President David Shepherd CBE FRSA FGRA
Something About The LSWR
Some general information about the LSWR that, within the REC as Club Members, we should know. In its heyday the LSWR was known for its military importance, serving more military towns and bases than any other railway oin the country. In the Aldershot and Farnborough area, the surrounding heathland was of little use for agriculture, but ideal for military use. In 1855 Queen Victoria opened two camps near Aldershot, called North Camp and South Camp. At first Farnborough on the mainline and Tongham on the Alton line were the railheads, which made access to the Channel ports easy. There were also two small branch lines; The Bisley Branch, leaving the mainline at Brookwood and serving the rifle range, Pirbright, Deepcut and Blackdown; and the 4.5 mile branch to Bordon from Bentley on the Alton line. The typical station used by the military in the area had long broad platforms with little shelter, making it easy to load and unload troops and horses.
During one 48 hour period in September 1910, the LSWR moved 25,080 troops, 6,722 horses and l,l74 guns – no mean feat considering it was during one of the busy holiday periods.The railway also served three great naval bases at Plymouth, Portland and Portsmouth. Due to the concentration of troop ships in the Southampton area, the LSWR once carried every British soldier that went to, or returned from, foreign service.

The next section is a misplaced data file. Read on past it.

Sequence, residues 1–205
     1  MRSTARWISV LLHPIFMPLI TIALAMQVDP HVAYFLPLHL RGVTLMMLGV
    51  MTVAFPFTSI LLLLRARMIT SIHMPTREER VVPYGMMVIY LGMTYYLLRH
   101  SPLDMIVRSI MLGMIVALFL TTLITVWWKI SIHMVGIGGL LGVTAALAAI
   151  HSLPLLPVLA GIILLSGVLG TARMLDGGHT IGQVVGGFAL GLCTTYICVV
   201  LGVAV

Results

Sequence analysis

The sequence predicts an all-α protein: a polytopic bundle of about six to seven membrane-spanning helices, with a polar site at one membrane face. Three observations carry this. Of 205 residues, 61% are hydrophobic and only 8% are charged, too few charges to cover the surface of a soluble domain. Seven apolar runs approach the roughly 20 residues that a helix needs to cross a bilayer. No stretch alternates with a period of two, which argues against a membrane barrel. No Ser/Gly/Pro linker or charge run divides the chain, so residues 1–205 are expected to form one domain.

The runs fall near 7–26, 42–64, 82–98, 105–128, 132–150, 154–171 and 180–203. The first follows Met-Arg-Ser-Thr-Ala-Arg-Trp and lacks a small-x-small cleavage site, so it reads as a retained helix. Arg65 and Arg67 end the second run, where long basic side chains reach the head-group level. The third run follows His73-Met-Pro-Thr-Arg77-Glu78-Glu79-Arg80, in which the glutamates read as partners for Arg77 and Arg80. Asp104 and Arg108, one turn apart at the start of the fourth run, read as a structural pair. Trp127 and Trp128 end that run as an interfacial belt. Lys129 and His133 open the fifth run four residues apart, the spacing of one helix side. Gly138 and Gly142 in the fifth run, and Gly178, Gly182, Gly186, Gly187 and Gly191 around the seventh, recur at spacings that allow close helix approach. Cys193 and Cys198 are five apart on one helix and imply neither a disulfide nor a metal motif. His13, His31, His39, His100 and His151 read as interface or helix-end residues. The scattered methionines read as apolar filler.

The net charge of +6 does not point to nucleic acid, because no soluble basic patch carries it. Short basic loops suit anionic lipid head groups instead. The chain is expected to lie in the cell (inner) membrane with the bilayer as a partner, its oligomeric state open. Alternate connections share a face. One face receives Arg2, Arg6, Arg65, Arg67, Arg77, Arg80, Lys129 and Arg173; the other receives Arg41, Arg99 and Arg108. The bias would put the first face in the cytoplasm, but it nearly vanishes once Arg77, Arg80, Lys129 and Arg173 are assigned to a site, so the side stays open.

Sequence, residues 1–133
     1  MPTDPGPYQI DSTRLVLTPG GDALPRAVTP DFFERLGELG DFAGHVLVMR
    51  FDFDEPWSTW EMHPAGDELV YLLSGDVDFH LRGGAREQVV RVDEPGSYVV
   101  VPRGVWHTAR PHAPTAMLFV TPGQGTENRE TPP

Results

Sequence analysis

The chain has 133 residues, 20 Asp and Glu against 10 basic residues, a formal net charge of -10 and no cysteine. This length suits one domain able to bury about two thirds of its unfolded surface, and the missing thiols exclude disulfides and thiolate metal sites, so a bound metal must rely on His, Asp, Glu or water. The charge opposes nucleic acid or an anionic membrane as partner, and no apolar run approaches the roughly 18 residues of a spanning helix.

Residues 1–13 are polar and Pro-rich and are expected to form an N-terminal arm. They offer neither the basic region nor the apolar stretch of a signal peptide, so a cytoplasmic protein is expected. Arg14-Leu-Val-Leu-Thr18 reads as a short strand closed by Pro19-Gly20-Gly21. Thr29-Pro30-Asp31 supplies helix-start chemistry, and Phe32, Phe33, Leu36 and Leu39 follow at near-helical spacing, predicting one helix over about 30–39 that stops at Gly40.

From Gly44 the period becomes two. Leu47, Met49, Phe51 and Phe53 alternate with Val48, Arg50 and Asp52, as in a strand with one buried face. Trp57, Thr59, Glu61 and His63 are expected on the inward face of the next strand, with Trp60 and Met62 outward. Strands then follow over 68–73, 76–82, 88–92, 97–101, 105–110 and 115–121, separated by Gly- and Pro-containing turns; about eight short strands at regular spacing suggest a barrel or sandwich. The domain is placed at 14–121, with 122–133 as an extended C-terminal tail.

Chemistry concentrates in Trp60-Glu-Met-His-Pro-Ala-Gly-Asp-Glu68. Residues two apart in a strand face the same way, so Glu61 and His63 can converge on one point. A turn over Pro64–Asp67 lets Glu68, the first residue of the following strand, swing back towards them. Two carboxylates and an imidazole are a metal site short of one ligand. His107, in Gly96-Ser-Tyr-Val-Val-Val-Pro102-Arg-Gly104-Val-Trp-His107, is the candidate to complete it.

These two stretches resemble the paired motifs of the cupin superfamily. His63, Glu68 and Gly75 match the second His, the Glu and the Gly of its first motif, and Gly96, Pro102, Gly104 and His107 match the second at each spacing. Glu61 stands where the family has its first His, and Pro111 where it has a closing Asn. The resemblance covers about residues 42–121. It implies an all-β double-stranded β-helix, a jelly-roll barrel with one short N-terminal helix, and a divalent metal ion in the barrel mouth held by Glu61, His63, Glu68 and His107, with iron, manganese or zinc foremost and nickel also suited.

From the public point of view, the LSWR was better known as a pleasure line. It served nine race courses, including Epsom, Ascot, Hurst Park and Sandown Park, while boating and regattas could be reached along the branches to Hampton Court, Shepperton and Windsor. Also numerous golf clubs could be reached throughout the Home Counties. In fact, the LSWR made more from the revenue of sporting and recreational persuits than any other railway in the country, especially with 17 seaside resorts.